Third of million Afghan, Iraq war veterans are depressed

April 19th, 2008 - 1:59 pm ICT by admin  

Washington, April 19 (IANS) Nearly 20 percent of US servicemen back from Iraq and Afghanistan - or a third of a million - suffer from post-traumatic stress disorder, but only half of them have sought treatment, according to a study by a US non-profit organisation. Researchers of the RAND Corporation also found that about 19 percent of these veterans reported experiencing a possible traumatic brain injury while deployed, with seven percent reporting both a probable brain injury and current major depression.

Many servicemen said they did not seek treatment for psychological illnesses because they feared it would harm their careers. Even among those who did seek help for severe depression, only about half received treatment that researchers consider “minimally adequate” for their illnesses.

In the first analysis of its kind, researchers estimate that post traumatic stress disorder (PTSD) and depression among returning military personnel will cost the US as much as $6.2 billion in the two years following deployment - an amount that includes both direct medical care and costs for lost productivity and suicide.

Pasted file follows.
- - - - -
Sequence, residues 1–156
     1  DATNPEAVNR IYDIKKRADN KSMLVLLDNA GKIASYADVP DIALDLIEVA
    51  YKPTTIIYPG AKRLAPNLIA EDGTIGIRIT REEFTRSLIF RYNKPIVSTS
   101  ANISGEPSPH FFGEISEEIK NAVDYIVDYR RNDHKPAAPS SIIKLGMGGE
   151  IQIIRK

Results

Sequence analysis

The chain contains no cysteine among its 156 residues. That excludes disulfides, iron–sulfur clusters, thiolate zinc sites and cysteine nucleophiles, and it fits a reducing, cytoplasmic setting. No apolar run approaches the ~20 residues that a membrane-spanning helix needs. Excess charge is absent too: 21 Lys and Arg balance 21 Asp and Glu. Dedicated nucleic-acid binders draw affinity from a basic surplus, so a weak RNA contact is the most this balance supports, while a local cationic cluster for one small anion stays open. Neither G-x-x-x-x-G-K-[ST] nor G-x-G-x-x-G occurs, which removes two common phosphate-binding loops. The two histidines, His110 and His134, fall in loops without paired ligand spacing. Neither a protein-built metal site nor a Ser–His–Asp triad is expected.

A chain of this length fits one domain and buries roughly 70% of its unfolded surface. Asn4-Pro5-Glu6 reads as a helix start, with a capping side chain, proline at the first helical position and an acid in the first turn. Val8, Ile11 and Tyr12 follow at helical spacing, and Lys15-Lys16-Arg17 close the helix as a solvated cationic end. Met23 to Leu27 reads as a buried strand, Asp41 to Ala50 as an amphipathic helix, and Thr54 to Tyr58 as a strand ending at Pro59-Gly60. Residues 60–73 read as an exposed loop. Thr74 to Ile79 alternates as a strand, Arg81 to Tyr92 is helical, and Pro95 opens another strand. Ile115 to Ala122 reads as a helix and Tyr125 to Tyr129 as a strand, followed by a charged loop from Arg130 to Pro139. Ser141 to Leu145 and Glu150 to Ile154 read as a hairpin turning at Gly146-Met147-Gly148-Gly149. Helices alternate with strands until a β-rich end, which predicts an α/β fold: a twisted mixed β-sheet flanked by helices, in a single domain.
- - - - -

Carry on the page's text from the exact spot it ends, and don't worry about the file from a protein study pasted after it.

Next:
Investing in more high quality treatment could save close to $2 billion within two years by substantially reducing those indirect costs, the 500-page study concludes.

“There is a major health crisis facing those men who have served our nation in Iraq and Afghanistan,” said Terri Tanielian, the project’s co-leader and a researcher at RAND.

The findings are from the first large-scale, nongovernmental assessment of the psychological and cognitive needs of military service members who have served in Iraq and Afghanistan over the past six years. The RAND study is the first to comprehensively assess the current needs of returned service members from all branches of the military.

Since October 2001, about 1.6 million US troops have deployed in Iraq and Afghan wars, with many exposed to prolonged periods of combat-related stress or traumatic events.

Early evidence suggests that the psychological toll of the deployments may be disproportionately high compared with physical injuries.

The RAND study also estimates that about 320,000 service members may have experienced a traumatic brain injury during deployment - the term used to describe a range of injuries from mild concussions to severe penetrating head wounds. Just 43 percent reported ever being evaluated by a physician for that injury.

Tags: , , , , , , , , , , , , , , , , , , ,

Posted in Health Science |